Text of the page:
Download the article ( 814 KB)
From Laptops to Competences: Bridging the Digital Divide in Education
Most of the existing literature that deals with the digital divide in the educational system focuses either on schools or universities, but rarely do we see a vertical approach where the system is considered as a whole. In this paper we relate initiatives that aim to bridge the digital divide in the current situation in higher education. We discuss why policies that focus on infrastructures (e.g. laptops) are not the answer, as they mostly leave digital competences unattended, leading to (or not helping to amend) the digital void in universities in matters of skills. We end by proposing a general framework to define digital skills so that they are included in syllabuses at all stages of the educational path.
Download the article ( 717 KB)
Degrees of Digital Division: Reconsidering Digital Inequalities and Contemporary Higher Education
Whilst many authors are now confident to dismiss the notion of the digital divide, this paper argues that inequalities in ICT use in contemporary higher education are of growing rather than diminishing importance. In particular, it argues that there is an urgent need for the higher education community to develop more sophisticated understandings of the nature of the digital divisions that exist within current cohorts of university students – not least inequalities of ‘effective’ use of ICT to access information and knowledge. With these thoughts in mind, the paper presents a review of recent research and theoretical work in the area of digital exclusion and the digital divide, and considers a number of reasons why digital exclusion remains a complex and entrenched social problem within populations of higher education students.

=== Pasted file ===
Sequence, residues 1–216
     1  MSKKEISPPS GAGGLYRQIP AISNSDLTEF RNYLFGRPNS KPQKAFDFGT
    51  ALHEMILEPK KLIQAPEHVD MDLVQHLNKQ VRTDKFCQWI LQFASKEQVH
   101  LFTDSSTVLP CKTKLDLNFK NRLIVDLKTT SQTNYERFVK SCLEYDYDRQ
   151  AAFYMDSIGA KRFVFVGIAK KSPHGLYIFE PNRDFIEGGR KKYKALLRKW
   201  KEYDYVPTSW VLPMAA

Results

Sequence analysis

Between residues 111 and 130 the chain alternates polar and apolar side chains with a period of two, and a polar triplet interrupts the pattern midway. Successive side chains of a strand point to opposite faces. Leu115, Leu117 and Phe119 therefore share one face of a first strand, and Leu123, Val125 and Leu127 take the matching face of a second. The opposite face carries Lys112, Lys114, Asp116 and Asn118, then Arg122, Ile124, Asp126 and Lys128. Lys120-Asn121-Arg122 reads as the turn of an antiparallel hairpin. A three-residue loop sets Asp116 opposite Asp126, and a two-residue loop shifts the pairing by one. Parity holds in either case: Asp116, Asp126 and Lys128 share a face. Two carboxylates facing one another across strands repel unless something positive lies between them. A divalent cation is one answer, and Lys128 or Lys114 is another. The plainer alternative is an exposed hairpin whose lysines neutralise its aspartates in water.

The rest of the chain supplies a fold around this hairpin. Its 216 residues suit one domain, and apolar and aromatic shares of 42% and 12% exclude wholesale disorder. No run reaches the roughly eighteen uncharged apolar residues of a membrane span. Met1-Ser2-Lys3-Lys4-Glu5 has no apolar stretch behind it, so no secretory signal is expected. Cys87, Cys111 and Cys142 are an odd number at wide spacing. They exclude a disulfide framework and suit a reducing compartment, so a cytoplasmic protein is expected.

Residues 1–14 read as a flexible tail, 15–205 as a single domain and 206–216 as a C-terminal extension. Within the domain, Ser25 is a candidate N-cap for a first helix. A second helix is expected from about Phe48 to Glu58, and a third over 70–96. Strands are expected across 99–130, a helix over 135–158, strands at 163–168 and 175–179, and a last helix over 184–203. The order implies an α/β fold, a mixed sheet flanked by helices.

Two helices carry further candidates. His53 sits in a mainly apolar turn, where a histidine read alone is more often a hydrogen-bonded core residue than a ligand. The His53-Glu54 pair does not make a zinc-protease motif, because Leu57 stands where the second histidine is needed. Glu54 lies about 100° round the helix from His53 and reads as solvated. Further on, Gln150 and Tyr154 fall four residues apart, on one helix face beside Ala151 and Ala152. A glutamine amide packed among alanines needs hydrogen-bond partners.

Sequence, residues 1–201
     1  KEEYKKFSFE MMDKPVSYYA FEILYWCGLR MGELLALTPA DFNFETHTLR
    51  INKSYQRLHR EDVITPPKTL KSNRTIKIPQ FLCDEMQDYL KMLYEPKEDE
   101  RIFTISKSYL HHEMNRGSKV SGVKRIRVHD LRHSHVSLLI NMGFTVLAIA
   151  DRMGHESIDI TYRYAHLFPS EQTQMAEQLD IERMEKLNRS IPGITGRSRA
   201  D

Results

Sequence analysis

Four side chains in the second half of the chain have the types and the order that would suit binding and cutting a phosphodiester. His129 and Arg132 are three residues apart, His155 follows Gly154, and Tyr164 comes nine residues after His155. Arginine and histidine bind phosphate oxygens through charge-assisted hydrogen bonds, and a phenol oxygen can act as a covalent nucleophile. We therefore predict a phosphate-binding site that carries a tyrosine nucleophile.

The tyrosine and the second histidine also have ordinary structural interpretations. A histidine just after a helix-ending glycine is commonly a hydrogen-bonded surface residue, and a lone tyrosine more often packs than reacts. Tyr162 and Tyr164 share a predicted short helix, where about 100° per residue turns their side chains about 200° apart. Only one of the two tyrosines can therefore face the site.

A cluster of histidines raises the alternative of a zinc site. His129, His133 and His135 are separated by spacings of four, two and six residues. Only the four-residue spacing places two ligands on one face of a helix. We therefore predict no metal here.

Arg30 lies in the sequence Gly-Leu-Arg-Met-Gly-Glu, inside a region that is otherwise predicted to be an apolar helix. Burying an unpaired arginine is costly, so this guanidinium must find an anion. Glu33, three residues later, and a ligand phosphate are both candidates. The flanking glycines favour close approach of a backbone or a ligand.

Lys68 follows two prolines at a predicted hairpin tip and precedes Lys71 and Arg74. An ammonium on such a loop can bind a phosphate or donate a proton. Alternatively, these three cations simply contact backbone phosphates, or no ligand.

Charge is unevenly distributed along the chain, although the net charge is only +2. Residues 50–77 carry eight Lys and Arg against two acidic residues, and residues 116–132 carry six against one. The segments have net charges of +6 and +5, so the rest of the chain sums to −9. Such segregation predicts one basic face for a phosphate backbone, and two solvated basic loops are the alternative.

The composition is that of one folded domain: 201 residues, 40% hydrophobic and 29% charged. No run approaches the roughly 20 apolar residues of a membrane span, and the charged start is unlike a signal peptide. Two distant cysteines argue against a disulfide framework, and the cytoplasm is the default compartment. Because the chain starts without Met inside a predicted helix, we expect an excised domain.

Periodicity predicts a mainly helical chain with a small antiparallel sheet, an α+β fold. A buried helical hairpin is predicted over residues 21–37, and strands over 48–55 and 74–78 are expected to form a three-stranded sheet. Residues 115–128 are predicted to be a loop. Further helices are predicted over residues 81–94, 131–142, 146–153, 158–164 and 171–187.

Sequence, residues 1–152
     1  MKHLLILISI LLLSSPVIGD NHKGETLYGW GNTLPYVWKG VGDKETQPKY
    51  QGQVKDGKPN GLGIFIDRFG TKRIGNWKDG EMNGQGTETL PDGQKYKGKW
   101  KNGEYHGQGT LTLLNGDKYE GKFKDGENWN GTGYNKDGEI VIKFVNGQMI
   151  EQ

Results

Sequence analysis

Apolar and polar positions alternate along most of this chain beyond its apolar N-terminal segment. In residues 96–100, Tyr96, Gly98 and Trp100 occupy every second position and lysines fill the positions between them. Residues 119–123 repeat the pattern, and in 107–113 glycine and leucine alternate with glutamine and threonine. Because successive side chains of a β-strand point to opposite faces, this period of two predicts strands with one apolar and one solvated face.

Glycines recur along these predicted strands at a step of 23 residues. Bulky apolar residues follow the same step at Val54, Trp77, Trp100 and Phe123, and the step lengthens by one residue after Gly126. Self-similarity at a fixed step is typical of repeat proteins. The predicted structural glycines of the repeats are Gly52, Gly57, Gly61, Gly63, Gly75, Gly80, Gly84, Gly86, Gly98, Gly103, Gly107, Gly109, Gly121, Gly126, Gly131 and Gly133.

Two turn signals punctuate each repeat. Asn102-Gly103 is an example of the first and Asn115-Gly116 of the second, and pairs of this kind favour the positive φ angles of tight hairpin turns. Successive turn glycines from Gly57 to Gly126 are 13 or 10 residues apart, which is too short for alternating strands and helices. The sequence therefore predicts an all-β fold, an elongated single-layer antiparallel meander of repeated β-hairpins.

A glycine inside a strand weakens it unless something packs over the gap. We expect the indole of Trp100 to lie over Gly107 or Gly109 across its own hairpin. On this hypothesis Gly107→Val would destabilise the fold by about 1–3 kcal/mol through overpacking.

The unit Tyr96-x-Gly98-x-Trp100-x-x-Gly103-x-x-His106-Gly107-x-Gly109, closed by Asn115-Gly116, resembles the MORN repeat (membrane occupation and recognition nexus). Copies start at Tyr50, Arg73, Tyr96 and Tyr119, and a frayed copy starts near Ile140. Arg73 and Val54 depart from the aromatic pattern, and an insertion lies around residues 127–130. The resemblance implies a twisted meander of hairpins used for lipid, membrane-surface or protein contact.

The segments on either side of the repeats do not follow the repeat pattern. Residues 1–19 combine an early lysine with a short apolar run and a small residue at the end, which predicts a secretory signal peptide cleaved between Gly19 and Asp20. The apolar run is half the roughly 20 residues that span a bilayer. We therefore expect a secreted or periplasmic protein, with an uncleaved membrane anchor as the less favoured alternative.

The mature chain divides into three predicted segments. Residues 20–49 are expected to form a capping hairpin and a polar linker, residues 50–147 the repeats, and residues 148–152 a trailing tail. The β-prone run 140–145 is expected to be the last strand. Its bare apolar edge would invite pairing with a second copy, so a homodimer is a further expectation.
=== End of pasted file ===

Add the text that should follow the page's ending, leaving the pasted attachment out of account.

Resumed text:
Download the article ( 349 KB)
Digital Inequality Among University Students in Developed Countries and its Relation to Academic Performance
Research on the digital divide has shown that it is important to study more than just the differences between those who do or do not have Internet access. Other dimensions that should currently be studied are: Internet skills, time spent on the Internet and, in particular, the use people make of the Internet. For each of these it is important to study the determinants and social consequences. In this paper we first present an overview of these dimensions and their determinants, and secondly analyse the influence of the dimensions with respect to the academic performance of university students. The analysed data, in agreement with international research, demonstrate that a) the effects of the Internet on academic performance are not direct, but mediated by variables and, b) the positive effects of the Internet are more pronounced in those students whose background is already more favourable for achieving better academic results without using the Internet, in agreement with the knowldege gap hypothesis.